Capitol Grounds Projects & Initiatives
State Preservation Board staff maintain the 22 acres surrounding the Capitol. This includes upkeep of fountains, lights, benches, trash receptacles, signage, fencing, lawn and gates. Groundskeepers care for historic trees, some of which have stood for more than a century. They utilize a sprinkler system and plant perennial vegetation to conserve water and still beautify the Grounds.
South Grounds Wall Restoration
Status: Complete 2021
The granite wall and south gate of the Great Walk, located at 11th Street and Congress Avenue, was unintentionally damaged in a vehicle collision in late November, 2020. This feature was originally installed ca. 1889 as part of the development of the Grounds shortly after completion of the Capitol, and renovated in 1997. Despite the extent of the damage, the individual units of Sunset Red granite remained largely intact as they tumbled down. Still, reassembly was not a simple feat.
The site was thoroughly photo documented, and the stones were cleaned of motor oil and inventoried by their location in the debris. Stones small enough to be moved, including all small pieces of rubble and original mortar, were carefully relocated to offsite storage. Larger units were safely stored on site. Each piece was located to its original placement and orientation in the wall based on previous photographs. Pieces ranged from 170 to 2800 pounds, requiring heavy equipment for any movement. Loose samples of original mortar embedded deep within the wall for 130 years were gathered for analysis--a rare opportunity to access material not easily exposed without unnecessarily damaging intact historic construction.
Reconstruction utilized lime-based mortars appropriate to the stone and similar to the original construction materials. The mortar color was matched to existing so the repair would blend seamlessly. A custom tool was used to apply the decorative raised "bead" found in the original 19th century construction. The one broken piece was epoxied back in place, and cracks filled with the color-matched lime mortar. One limestone curb unit was damaged beyond repair and replaced. Luckily it was a replacement unit from the 1997 Grounds Restoration, not original to the Great Walk. Limestone curbs with less damage were textured to hide the scrape marks, and left in place to age naturally. The gate, also a replica from the 1997 Grounds Restoration, was able to be largely repaired, with only minor replacement elements required to hang it back in place.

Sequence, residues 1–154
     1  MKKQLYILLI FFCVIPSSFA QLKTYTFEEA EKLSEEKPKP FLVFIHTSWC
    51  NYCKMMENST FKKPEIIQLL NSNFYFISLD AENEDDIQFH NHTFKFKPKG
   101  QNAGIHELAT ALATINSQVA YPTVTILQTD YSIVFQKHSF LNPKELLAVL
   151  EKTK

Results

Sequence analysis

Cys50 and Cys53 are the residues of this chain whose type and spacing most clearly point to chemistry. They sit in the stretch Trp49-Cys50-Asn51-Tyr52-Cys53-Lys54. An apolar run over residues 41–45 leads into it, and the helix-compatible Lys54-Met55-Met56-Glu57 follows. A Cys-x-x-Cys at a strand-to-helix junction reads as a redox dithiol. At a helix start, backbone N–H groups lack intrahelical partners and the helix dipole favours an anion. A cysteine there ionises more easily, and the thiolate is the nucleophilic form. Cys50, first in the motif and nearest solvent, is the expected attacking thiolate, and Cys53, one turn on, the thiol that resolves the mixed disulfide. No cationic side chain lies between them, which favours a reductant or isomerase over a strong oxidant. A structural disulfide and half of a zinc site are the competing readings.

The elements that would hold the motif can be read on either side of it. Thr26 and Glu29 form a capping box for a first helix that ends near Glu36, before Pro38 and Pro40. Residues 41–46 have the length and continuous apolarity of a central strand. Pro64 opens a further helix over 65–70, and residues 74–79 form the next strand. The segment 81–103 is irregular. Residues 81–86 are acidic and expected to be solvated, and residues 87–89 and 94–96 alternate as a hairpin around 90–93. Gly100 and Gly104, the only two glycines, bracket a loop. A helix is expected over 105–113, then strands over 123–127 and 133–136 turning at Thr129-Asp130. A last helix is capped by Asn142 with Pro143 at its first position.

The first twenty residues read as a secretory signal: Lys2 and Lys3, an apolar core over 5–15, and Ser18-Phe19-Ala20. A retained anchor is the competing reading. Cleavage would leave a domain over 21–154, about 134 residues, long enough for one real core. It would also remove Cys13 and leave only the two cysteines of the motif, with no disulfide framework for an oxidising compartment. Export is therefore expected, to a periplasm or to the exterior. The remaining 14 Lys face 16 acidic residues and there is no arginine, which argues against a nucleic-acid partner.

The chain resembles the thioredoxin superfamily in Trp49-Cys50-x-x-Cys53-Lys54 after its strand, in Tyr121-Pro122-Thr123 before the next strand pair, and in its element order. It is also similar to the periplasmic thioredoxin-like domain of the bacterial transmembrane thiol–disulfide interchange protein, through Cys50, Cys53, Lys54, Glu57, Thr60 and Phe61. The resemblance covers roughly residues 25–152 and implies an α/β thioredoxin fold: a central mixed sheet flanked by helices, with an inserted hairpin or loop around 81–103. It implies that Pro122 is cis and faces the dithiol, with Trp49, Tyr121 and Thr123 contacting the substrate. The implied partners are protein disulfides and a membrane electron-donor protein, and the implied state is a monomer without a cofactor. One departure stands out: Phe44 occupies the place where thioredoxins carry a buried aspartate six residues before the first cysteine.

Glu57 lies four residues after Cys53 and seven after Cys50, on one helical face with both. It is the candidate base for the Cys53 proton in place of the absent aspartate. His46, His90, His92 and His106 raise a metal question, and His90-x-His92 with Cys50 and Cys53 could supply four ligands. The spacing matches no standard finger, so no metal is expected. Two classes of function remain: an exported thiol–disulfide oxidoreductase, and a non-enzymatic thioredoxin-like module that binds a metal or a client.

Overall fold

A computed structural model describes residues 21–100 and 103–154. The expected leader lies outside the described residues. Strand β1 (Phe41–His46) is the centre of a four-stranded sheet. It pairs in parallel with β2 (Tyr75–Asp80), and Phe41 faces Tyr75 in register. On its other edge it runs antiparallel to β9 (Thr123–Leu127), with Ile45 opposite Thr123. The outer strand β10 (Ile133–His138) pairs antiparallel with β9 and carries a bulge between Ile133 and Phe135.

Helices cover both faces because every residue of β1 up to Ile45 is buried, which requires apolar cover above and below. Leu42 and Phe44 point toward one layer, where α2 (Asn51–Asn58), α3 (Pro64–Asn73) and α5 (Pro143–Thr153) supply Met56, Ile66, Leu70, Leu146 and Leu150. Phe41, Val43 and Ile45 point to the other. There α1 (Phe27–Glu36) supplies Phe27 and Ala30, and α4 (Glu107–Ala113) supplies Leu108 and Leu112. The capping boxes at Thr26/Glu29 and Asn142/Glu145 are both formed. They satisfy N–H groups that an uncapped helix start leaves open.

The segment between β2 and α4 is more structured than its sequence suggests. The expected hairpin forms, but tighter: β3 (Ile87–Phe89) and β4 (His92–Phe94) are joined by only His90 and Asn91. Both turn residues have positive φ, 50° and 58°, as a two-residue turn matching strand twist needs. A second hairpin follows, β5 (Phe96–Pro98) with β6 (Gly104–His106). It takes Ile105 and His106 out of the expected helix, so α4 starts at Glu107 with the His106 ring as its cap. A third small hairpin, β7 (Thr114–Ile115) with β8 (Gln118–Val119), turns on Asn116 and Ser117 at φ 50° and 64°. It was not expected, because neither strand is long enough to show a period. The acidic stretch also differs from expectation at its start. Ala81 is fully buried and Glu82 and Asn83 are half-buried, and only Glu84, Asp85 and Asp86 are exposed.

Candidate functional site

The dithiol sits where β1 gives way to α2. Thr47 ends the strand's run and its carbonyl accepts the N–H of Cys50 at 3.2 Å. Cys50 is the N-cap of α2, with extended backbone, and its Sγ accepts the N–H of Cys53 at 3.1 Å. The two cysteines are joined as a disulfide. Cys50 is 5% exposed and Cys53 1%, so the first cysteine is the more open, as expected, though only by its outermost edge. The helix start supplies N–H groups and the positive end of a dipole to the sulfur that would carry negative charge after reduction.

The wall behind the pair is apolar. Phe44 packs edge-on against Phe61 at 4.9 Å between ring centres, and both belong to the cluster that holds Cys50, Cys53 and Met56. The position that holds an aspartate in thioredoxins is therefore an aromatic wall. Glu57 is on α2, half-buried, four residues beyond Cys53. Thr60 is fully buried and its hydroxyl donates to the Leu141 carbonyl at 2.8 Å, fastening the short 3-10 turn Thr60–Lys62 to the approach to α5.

Capitol Visitors Wayfinding Signage Package
Status: Complete 2018
In 2018, the SPB will install a signage upgrade extending from the Visitors Parking Garage, across the Capitol Square grounds, and into the Capitol. The intent of the signage is to improve the visitor experience with a focus on improved wayfinding for visitors with physical impairments. The Garage will have improved directional signage making the facility easier to identify for visitors arriving by car, and wayfinding signage indicating how to move toward the Capitol, once parked. Informational kiosks outside the garage will provide additional wayfinding elements, as well as historical information about the Capitol and Capitol Square. Once on the historic grounds, signage will be minimized to protect the historic landscape. New elements will include maps at each entrance and more frequent wayfinding signage along the sidewalks indicating accessible routes to all destinations across the Grounds. Inside the Capitol, minor detached signage will be added at entrances, elevators and hearing rooms to improve queuing and security screening and encourage priority access for visitors with disabilities.
Updates and Images
State Preservation Board staff clean monumental statuary throughout the Grounds on an annual basis. They use techniques obtained from specialized training that few historic sites in the country have available to them on a routine basis.
Capitol Rose Garden
Near the end of each February, State Preservation Board facilities staff prune the Capitol's Tyler Rose Garden. They cut back growth on all of the bushes. This annual pruning promotes healthy bushes and ensures beautiful flowers for the coming year.
Texas Peace Officers Memorial Project
Status: Complete 2015 - 2016
The Texas Peace Officers monument has suffered from a continual and unsightly accumulation of salts and other minerals. In the past, crews had to sandblast the monument annually to remove the minerals. In the summer of 2015, a project replaced the concrete vertical pieces with polished granite eliminating the possibility of future mineral accumulation. The monument received state-of-the-art, energy-efficient LED lighting fixtures. Workers re-set the ground pavers and re-sealed all joints on the monument. Private funds paid for the entire project.
Volunteer Firemen's Monument Expansion
Status: Complete 2015
No space remained on the original structure of the Volunteer Firemen's monument for additional names. In spring 2015, the installation of a ring of solid granite panels provided room for over 500 new names. The four sections of panels stand in the space around the monument originally intended as a planting bed. The project received funding from the 84th legislature and private donations. Names of volunteer firefighter's who perished in the West Fertilizer Company explosion on April 17, 2013, were among the first 21 engraved on the new panels.